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Now, one may worry about the accuracy of the GGA just as for the inline image case. Therefore we have also carried out hybrid functional HSE calculations. It should be noted from the start, however, that it is not a priori clear that the HSE would be more accurate in this case. In fact, the nature of the defect states is clearly different. For the inline image case, the defect level is located clearly on the N atom and in HSE on a single orbital of the N atom. In such a case, self-interaction effects are expected to be important. In the present case, our calculations already showed that the defect wave function is more spread out and in fact rather located on the nearby oxygens than on the N atoms of the N2 molecule. This is because the inline image level of the molecule would actually lie below the VBM and oxygen would donate electrons to it to keep it filled but then we end up with electrons missing from some of the surrounding oxygens, in other words with a O-dangling bond related state similar to the inline image in which we have placed the N2 molecule. The LUMO of the inline image state in the GGA calculation is shown in Fig. 4 for both spins. The delocalized nature of these states means that self-interaction effects are expected to play a minor role. They also justify a posteriori why we do not include image charge corrections in our calculations. The latter are based on a multipole expansion and require a sufficiently localized defect density. For a delocalized defect electron density, they tend to become negligibly small.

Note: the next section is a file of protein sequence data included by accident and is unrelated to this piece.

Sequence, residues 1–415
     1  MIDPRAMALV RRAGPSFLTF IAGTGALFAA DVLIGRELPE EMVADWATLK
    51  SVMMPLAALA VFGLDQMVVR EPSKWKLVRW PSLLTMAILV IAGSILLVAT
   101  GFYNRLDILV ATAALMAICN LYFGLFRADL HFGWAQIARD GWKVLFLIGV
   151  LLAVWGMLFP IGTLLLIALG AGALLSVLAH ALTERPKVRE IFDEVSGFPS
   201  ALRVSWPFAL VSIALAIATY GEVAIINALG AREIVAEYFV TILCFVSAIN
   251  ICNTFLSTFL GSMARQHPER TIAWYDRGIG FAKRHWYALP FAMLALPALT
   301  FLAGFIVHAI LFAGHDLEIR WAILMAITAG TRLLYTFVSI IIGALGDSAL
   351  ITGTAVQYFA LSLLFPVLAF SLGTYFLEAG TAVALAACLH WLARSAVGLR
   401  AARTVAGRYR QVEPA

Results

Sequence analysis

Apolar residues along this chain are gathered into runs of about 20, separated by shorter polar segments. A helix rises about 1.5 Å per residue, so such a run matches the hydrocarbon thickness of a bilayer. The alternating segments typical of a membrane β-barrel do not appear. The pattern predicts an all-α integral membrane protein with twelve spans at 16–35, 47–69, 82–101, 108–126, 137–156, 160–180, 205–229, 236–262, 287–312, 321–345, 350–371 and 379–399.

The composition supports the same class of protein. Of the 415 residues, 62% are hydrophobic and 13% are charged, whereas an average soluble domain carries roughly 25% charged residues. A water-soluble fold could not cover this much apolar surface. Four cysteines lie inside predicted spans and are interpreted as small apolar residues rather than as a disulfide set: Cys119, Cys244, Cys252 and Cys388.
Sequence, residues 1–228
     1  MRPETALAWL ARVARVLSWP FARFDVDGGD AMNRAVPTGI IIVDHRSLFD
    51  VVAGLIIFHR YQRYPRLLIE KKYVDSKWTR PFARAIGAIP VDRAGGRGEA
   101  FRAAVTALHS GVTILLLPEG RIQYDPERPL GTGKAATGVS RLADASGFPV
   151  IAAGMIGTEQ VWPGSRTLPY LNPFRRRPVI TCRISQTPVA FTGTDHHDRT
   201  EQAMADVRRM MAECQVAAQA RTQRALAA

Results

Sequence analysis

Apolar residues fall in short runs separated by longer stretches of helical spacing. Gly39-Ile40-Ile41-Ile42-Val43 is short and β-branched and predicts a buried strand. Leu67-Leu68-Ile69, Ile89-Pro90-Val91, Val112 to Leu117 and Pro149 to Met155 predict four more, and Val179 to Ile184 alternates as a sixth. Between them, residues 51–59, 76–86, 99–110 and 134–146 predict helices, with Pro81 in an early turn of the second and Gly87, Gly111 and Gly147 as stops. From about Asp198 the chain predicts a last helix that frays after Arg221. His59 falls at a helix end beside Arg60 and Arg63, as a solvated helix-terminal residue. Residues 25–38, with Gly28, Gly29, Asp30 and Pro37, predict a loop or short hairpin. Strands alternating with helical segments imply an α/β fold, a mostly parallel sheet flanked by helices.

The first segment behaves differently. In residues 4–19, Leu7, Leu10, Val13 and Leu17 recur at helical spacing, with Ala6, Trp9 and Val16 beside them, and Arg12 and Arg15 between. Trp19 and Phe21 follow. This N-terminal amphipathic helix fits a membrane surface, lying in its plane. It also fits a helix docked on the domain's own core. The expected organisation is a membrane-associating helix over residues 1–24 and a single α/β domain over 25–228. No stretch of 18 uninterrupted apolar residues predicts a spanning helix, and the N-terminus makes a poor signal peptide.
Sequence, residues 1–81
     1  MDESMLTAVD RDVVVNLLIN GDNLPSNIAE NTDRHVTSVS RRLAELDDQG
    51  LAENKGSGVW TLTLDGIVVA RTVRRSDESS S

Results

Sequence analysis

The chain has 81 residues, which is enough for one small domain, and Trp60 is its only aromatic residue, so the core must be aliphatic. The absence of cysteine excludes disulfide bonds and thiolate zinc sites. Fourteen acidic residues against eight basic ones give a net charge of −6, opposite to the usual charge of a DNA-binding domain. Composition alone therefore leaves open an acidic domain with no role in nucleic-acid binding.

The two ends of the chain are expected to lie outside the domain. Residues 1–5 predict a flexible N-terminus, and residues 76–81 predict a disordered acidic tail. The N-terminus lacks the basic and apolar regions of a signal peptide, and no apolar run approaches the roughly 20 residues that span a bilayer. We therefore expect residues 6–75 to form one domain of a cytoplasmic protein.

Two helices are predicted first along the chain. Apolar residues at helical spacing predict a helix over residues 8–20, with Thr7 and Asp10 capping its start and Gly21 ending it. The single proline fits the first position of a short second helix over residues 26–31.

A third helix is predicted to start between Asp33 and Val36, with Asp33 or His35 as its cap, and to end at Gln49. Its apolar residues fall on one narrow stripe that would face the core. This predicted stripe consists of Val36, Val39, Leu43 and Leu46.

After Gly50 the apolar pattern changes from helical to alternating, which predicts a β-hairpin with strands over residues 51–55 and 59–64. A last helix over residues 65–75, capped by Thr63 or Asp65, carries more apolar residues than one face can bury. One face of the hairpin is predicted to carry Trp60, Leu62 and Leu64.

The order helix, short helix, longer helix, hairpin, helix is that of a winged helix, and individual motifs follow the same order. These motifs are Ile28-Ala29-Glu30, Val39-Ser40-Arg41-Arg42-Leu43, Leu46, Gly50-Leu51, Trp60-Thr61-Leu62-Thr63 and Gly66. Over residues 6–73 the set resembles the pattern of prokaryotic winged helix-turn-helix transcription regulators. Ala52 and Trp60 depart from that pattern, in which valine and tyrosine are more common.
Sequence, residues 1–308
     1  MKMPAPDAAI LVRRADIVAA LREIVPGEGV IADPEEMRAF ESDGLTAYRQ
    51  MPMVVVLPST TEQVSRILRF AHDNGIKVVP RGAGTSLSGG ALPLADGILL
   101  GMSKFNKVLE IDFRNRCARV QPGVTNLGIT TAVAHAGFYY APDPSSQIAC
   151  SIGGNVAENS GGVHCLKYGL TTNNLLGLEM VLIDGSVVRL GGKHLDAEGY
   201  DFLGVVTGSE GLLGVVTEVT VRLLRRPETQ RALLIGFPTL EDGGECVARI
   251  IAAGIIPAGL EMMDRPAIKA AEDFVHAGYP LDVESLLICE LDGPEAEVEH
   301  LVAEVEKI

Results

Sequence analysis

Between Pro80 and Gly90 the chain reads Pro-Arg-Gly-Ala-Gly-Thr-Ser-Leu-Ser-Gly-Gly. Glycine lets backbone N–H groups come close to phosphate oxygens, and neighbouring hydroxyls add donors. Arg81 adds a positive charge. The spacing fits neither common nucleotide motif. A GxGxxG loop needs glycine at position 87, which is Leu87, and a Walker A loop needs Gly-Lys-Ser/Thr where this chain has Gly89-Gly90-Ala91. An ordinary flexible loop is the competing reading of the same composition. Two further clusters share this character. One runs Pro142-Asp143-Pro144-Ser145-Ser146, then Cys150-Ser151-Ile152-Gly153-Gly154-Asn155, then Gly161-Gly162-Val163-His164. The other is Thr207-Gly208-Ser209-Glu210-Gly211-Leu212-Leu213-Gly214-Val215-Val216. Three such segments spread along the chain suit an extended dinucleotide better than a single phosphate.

image

Figure 4. Wave function modulo squared of the empty defect state in the gap for N2 on Zn-site in ZnO, calculated in GGA from inline image-point level summed over both spins in neutral charge state. Small red spheres are O, large gray sphere are Zn. The N2 molecule is seen in the middle of the cell as two small gray spheres bonded to each other but not to the rest of the system. The yellow colored iso-surface of the partial charge density corresponds to 0.015 e Å−3.

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image

Figure 5. Band gap and Kohn–Sham levels for N2 on Zn site in various charge states in HSE.